My mind's been blown - I've used Photoshop and GIMP to edit images over the course of many years. I've always had a tough time isolating an item from a background when the image was in a natural setting.
I love to watch "Quilting Arts" on PBS (Ready/Create) here in Tucson; I always learn something new, usually about sewing or something else fiber related.
So, what do these two things have to do with each other you may ask? Well, yesterday I got to watch Episode 1904 of "QA" on transfer techniques. But here's the best thing I learned - one can use Powerpoint, yes the presentation software, to remove a background - and it is much more easily done, at least for me, than the editing software mentioned above. WOW!
So, I proceeded to "play". Here's my first result - before on the left, after on the right.
Although easily accomplished, it's not the be-all and end-all of editing. The main problem is that PowerPoint (at least in 2010 version I run) saves a JPG or PNG at a rather small size, 96DPI. (If this makes a large enough image for your needs, then you can stop here and print or otherwise use your new creation.)
Otherwise, one way to get around this is to use the registry editor to change the size permanently. At this point I haven't done that. If you decide to do so, please be sure you first back up your registry; then follow directions you can find here.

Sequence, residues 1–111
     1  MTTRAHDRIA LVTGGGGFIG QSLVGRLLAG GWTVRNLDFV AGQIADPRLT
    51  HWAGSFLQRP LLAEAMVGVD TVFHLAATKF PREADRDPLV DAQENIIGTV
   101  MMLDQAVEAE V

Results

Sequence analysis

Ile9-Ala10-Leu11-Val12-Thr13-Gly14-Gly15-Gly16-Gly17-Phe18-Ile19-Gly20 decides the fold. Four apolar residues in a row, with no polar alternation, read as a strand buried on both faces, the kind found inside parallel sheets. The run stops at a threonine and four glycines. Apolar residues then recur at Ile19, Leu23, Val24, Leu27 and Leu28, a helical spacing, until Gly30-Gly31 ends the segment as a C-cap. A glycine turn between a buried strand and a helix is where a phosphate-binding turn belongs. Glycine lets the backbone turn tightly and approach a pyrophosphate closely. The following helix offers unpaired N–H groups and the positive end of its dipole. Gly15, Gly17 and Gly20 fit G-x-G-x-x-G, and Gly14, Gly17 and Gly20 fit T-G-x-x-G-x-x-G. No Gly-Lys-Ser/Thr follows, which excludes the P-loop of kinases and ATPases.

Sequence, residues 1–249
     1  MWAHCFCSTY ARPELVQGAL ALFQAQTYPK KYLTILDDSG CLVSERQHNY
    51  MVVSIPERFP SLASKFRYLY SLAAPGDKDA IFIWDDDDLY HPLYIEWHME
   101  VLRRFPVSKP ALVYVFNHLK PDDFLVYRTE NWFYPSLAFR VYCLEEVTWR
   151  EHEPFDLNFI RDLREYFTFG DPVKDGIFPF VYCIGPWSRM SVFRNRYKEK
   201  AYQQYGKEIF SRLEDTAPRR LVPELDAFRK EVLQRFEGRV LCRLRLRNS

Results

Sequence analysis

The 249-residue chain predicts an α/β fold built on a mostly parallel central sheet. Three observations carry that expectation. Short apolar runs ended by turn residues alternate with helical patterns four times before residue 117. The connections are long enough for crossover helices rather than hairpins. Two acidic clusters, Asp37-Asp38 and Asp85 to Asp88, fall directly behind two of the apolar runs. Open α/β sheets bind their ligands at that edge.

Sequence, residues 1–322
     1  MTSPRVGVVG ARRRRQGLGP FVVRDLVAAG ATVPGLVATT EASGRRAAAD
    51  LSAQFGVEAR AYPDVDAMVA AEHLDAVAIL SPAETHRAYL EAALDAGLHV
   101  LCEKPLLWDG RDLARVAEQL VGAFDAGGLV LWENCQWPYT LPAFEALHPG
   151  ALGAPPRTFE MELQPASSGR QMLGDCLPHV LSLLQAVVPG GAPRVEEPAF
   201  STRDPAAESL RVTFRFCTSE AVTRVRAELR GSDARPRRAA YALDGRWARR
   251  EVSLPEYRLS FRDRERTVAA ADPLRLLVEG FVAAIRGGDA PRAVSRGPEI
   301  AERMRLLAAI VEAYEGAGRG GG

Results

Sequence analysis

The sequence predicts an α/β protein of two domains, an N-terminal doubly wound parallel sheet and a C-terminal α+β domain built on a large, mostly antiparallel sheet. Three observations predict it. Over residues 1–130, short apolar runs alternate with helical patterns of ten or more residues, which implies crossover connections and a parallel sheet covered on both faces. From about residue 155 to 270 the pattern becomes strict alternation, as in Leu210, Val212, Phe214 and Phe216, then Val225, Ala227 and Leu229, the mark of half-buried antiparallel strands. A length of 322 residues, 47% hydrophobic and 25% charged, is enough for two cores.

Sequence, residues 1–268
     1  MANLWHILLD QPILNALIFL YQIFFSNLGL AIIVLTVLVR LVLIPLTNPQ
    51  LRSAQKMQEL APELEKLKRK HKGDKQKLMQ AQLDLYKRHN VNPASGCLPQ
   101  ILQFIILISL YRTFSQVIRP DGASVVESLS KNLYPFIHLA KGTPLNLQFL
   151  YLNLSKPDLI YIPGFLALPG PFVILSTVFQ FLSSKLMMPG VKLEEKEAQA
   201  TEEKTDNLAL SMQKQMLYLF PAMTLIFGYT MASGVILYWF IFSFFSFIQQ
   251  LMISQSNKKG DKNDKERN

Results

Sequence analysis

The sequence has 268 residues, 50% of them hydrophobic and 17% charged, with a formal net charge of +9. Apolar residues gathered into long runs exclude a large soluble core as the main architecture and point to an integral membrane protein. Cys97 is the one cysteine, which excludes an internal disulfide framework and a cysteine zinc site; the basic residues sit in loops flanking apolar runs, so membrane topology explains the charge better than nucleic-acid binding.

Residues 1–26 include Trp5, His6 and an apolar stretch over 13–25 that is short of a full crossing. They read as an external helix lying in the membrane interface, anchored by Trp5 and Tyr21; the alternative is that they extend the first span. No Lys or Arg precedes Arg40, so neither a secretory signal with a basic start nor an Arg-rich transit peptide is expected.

There is also a "compress image" option that allows for various sizes, but at least for this dragon fly it caused the loss of large parts of the image so I couldn't use it - your mileage may vary!
I took a simpler approach and followed Ana Buzzalino's instructions from the show with just a few tweaks that she didn't discuss. (Preview here.)
Here's what I did:
1. Set the slide size as large as possible.
2. Cleared all of the pre-formatted areas so I was starting with a blank slide.
3. After inserting the original picture, used the "handles" to enlarge it to as large a size as possible to fill the slide.
4. Before I saved my slide as a png (same would work for JPG) I first placed a thick black matte picture style around it.
5. I did then use GIMP to remove this black "background" which left the dragon fly with a nice black edge around it (tried it with white first, but didn't like it as much.) This was a simple select (I used the fuzzy select tool) and clear (delete) procedure.
6. I also ultimately "resized" my result to make it larger, mainly so it would line up in the image above. Normally I would not do this.
And here is an example of adding this lovely dragon fly to an image that previously did not have one! Doesn't it look "right at home"?
Peace for all!